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Published 30 July 2012 10:49, Updated 02 August 2012 05:00
Businesses working in media sectors including subscription television, interactive games and wired and mobile internet access, will experience strong growth in consumer consumption over the next five years.
PwC’s Australian Entertainment and Media Outlook for 2012-2016 forecasts revenue growth for most of the 11 core media sectors.
Australia’s total entertainment and media market, including the consumer and educational books, consumer magazines, filmed entertainment, free-to-air television, interactive games, internet, music, newspapers, out-of-home advertising, radio and subscription television, is now worth $32.4 billion.
The report says these 11 sectors will grow 18 per cent over the next five years and while it forecasts more revenue falls in the newspaper and magazine publishing sectors, this will be offset partly by new digital subscriptions.
Total entertainment and media industry revenue will grow 4.1 per cent each year from 2012 to reach $38.2 billion in 2016, the report says.
While consumer spending will rise 4.4 per cent a year from $19.9 billion this year to $24.1 billion in 2016, advertising spending is only expected to grow 2.8 per cent a year from $12.5 billion this year to $14.1 billion in 2016.
A big business opportunity will be in the subscription television service. PwC forecasts that by 2016, 27 per cent of Australians will have switched to an internet protocol television that will allow them to watch internet videos.
The report notes a trend away from traditional console-based games, towards online and mobile games. “That’s good news for Australia because we’re more likely to be able to fund the development on online and mobile games,” Brownlow says.This will allow smaller businesses to tap into a global audience without the need for a publisher, which is the case for traditional console games, which “can cost as much as a movie to make”, says report editor Megan Brownlow.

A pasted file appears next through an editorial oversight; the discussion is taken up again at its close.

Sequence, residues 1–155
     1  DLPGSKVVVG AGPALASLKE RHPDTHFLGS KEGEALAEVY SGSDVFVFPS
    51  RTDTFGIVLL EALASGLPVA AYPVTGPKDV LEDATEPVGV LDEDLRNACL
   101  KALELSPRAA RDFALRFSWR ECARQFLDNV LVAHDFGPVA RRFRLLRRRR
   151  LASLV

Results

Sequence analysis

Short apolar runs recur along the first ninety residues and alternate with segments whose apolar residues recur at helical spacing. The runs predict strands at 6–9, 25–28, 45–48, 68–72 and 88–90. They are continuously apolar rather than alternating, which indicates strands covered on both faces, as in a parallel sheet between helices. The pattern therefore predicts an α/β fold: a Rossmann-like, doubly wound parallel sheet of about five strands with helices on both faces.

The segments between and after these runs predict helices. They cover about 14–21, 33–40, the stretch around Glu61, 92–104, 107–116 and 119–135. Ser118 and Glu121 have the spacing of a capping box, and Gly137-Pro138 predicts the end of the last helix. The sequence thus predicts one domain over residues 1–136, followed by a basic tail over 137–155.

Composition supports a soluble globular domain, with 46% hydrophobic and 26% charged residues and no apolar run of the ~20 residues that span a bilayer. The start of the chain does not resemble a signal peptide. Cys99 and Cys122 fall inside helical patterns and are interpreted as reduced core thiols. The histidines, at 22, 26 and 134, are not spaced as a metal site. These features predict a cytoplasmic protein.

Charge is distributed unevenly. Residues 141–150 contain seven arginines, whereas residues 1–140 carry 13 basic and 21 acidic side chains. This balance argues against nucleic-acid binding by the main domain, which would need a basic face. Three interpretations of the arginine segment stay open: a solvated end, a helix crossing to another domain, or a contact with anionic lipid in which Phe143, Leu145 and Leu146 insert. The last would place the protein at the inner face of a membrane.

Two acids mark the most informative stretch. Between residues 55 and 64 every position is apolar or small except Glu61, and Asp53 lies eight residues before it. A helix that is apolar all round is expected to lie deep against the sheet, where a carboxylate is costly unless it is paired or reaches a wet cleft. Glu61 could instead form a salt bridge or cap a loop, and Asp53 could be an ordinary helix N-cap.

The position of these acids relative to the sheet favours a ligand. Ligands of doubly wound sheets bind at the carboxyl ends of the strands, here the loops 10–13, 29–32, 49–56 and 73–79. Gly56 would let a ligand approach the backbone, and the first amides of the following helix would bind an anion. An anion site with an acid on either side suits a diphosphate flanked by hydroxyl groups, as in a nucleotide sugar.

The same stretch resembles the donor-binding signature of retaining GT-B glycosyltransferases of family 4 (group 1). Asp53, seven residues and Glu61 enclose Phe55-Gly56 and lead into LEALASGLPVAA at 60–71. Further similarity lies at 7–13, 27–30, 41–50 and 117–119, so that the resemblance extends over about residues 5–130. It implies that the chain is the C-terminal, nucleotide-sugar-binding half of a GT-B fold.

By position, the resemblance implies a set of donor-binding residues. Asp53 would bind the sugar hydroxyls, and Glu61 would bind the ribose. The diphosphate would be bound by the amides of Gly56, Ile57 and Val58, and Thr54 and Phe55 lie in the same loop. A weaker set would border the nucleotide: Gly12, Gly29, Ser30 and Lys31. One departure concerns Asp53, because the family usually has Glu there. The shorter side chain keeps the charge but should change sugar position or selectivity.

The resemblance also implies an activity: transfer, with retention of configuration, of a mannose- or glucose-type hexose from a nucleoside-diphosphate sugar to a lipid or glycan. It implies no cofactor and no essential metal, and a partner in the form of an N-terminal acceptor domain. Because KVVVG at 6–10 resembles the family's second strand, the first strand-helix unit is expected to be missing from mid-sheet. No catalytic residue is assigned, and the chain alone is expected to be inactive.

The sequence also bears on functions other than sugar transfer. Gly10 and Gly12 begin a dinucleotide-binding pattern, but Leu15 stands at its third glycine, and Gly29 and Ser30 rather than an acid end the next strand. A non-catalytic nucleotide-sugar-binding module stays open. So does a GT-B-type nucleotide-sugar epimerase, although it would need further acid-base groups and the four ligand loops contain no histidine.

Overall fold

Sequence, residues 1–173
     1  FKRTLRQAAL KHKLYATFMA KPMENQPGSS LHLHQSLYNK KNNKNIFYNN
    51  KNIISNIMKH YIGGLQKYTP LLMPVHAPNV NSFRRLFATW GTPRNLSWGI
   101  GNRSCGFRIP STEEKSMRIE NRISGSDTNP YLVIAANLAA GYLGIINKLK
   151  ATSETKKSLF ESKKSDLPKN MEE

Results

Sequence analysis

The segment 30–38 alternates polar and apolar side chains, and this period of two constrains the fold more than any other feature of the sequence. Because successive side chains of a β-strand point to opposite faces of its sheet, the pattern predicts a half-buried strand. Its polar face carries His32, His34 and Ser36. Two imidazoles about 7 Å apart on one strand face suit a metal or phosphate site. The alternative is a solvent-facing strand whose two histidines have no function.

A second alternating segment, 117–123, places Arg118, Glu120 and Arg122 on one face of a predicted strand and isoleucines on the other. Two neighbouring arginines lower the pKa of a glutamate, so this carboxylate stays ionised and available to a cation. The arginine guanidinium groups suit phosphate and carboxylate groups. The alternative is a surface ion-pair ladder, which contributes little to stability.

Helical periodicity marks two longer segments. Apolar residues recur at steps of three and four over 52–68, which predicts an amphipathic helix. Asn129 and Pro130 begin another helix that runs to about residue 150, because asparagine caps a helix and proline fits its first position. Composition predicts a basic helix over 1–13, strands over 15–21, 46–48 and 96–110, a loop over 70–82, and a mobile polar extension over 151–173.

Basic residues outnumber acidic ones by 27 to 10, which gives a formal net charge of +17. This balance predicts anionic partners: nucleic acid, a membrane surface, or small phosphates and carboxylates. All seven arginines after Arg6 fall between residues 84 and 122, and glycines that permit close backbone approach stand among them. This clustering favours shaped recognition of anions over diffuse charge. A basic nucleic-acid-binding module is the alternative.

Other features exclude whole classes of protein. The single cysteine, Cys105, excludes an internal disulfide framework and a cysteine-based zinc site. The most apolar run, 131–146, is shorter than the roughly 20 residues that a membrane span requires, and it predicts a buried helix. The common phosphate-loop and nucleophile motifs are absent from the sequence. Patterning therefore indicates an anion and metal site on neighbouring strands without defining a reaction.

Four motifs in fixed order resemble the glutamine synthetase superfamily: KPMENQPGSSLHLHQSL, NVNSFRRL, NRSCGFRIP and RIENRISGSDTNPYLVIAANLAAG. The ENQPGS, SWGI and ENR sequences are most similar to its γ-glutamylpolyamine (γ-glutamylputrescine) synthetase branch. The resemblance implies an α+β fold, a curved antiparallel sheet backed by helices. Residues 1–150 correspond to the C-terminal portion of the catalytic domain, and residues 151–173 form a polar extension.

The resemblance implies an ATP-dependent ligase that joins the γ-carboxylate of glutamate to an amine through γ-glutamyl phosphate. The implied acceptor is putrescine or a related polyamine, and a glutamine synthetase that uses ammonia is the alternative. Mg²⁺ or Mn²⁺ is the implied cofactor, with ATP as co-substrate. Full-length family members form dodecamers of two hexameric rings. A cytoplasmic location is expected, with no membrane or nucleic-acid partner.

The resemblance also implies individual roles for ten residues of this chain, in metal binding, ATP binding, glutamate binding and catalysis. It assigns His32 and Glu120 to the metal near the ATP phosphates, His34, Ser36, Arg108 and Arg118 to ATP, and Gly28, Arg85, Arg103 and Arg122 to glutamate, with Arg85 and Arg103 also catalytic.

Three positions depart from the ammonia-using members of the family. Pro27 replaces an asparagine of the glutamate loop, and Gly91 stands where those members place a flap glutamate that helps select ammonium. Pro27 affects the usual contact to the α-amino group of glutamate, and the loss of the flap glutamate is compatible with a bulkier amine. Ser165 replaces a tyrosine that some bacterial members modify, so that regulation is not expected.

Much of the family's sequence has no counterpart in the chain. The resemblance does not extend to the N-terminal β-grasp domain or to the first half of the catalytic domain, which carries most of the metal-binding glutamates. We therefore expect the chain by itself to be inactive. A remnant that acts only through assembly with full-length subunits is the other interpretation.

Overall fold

The report’s editor Megan Brownlow says IPTV will provide an alternative to the more expensive cable or satellite delivered subscription television service.
Brownlow, PwC’s executive director in entertainment and media, says research conducted by PwC in April this year found that 52 per cent of Australian homes already own a device that could enable IPTV, such as a connectable television, connectable games console or a set-top-box.
“The IPTV market could be as big as the subscription TV market,” she says. “But the key is content contracts – if you don’t have content people wont come to your service.”
“Melbourne have great games development communities, but a number of them aren’t focusing on these news areas,” she says.
To become m-commerce ready businesses also need to better optimise websites for mobile phones. “When we talk about m-commerce what we mean is ... advertising, loyalty cards and payments enabled via mobile phones,” she says. “This is exciting, and one of the implications is you probably need to get Wi-Fi into stores and recognise people are on their phones in your stores.”